The Slap, Christ Tsiolkas

There was an article about doctors making it illegal to smack kids in the Sydney Morning Herald over a week ago, which brought back as many memories for me as it clearly did for others.

Most people tell me the rule of thumb when reading articles like these on the SMH website, or indeed anywhere really, is to not read the comments - but personally I find that even though sometimes there is your run of the mill comments that can be easily ignored, there is often some interest and provoking conversation happening. Or maybe that shows that I just belong on their level and am no better - take your pick, really.

In any case, although I don't necessarily agree with making 'smacking' a legal concern, and it is true enough that NSW can be referred to as the 'Nanny state' (which I'm personally mostly okay with), I don't agree with nor would I really condone such practice. That being said, you can discipline your child with that method if it works for you - within reason.

I grew up with smacking, didn't do any good. Is fear a good tool for raising children, or is a convenience of the lazy and mean? I have see no valid or functional reason to threaten or use violence on my little brat. -Harry of Brisbane

I don't know about convenience or lazy and mean, but I remember fear. I remember taking my report card home, at the age of 12 and hiding it and hiding in my room because I was so scared of showing my parents. Although I was no longer caned once I entered high school, the fear of it remained and the additional fear of being constantly screamed at replaced it. When I knew I could hide it no longer, I went and I left it somewhere they would find it and I would sit, and wait for the tide to spill over.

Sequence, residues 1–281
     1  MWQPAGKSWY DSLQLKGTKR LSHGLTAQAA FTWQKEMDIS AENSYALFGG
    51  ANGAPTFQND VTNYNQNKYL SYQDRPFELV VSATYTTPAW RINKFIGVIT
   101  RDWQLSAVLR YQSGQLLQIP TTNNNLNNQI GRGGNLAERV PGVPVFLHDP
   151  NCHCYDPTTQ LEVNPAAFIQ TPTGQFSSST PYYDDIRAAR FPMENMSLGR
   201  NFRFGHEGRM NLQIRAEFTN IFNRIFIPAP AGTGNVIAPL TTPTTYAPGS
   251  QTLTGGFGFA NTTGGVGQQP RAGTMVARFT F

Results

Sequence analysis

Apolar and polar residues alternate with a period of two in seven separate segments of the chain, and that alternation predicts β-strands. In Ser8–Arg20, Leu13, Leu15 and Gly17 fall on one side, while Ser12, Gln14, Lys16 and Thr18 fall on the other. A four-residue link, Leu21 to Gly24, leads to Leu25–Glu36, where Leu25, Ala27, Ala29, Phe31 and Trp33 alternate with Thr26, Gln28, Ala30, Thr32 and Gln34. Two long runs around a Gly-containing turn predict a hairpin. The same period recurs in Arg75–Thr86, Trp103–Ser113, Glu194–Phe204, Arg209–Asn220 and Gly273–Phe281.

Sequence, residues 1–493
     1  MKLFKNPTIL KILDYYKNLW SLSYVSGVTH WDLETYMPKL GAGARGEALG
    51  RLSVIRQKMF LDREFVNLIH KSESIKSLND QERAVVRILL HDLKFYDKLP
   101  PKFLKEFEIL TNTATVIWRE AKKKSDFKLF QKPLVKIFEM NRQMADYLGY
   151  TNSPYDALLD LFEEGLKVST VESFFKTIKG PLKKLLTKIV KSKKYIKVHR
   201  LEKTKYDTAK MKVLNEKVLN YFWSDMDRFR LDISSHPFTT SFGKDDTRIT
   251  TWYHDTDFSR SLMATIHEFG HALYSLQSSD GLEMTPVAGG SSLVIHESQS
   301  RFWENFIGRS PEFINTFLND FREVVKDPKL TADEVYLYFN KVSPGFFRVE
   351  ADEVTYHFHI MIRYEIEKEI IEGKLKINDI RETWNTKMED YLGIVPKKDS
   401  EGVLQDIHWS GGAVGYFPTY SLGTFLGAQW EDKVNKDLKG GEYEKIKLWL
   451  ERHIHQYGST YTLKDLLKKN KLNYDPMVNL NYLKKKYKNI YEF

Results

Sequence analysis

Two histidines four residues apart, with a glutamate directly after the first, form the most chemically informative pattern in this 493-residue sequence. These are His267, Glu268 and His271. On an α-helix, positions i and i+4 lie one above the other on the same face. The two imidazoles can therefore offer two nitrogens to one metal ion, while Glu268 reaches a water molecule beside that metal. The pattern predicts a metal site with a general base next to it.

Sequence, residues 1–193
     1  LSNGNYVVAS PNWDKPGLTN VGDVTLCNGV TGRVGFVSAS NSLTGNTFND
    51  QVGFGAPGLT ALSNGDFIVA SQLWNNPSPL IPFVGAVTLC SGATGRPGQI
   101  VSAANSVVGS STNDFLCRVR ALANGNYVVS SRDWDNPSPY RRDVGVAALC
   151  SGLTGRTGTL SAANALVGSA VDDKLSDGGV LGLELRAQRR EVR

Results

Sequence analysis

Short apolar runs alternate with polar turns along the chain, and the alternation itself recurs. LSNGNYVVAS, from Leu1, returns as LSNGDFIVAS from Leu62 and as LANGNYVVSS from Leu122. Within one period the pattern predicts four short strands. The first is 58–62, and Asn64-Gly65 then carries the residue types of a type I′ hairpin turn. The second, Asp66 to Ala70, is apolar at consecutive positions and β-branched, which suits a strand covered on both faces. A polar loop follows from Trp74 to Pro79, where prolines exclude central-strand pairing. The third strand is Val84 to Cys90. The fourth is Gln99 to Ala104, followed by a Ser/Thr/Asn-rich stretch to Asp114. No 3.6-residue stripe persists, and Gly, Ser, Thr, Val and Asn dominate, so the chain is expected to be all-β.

Sometimes it wasn't so bad, and I would be surprised for once.

Living in fear isn't healthy for anyone, much less young and vulnerable people whose minds and bodies are still developing. -Beaten

In fact, that fear still lives with me - irrational and paralysing. I'm surprised if I get home and don't get screamed at about leaving the house without telling someone first about where I was going, how long I was going for and when I was coming back... that was only last year even.

But anyway, it seems that a lot of the problem in this debate within the comments is the narrow line between smacking and abuse. Certainly people's definitions of 'smacking' here did surprise me, and it was interesting to know that the treatment that I had faced could have potentially bordered on abuse, but that also depends on which time period you're hailing from. Once, caning was perfectly normal, after all.

Another part of the problem is that people don't seem to see their children on an equal footing, that 'smacking' their child would not be on the same level as 'smacking' their partner, for instance, or 'smacking' a random strange on the street. Why is there this difference?

How on earth do you figure that violence teaches respect? My mother smacking me didn't teach me to respect her. It taught me to fear her. Big difference. And then when I got older, I retaliated. That's not respect. -AM

This describes me probably to a T. T as in the T in my last name - the last name that I don't even particularly like. Just like I don't particularly like my first name either - but you get used to it after a while when people keep calling you by that name.

I don't know about your experience, but my own means that I don't particularly want to repeat this lesson for anyone else, that if I ever walked the same path, I would definitely dig a bend in the road to tread on another. I'm always told 'when you're standing in my shoes one day, you'll see that I was right', but I'm still not seeing it. Perhaps because I still have yet to grow up from this psychological rut, but I still don't see, and likely never will see quite eye-to-eye.

Image from the Daily Telegraph.. I remember when The Slap aired on ABC1.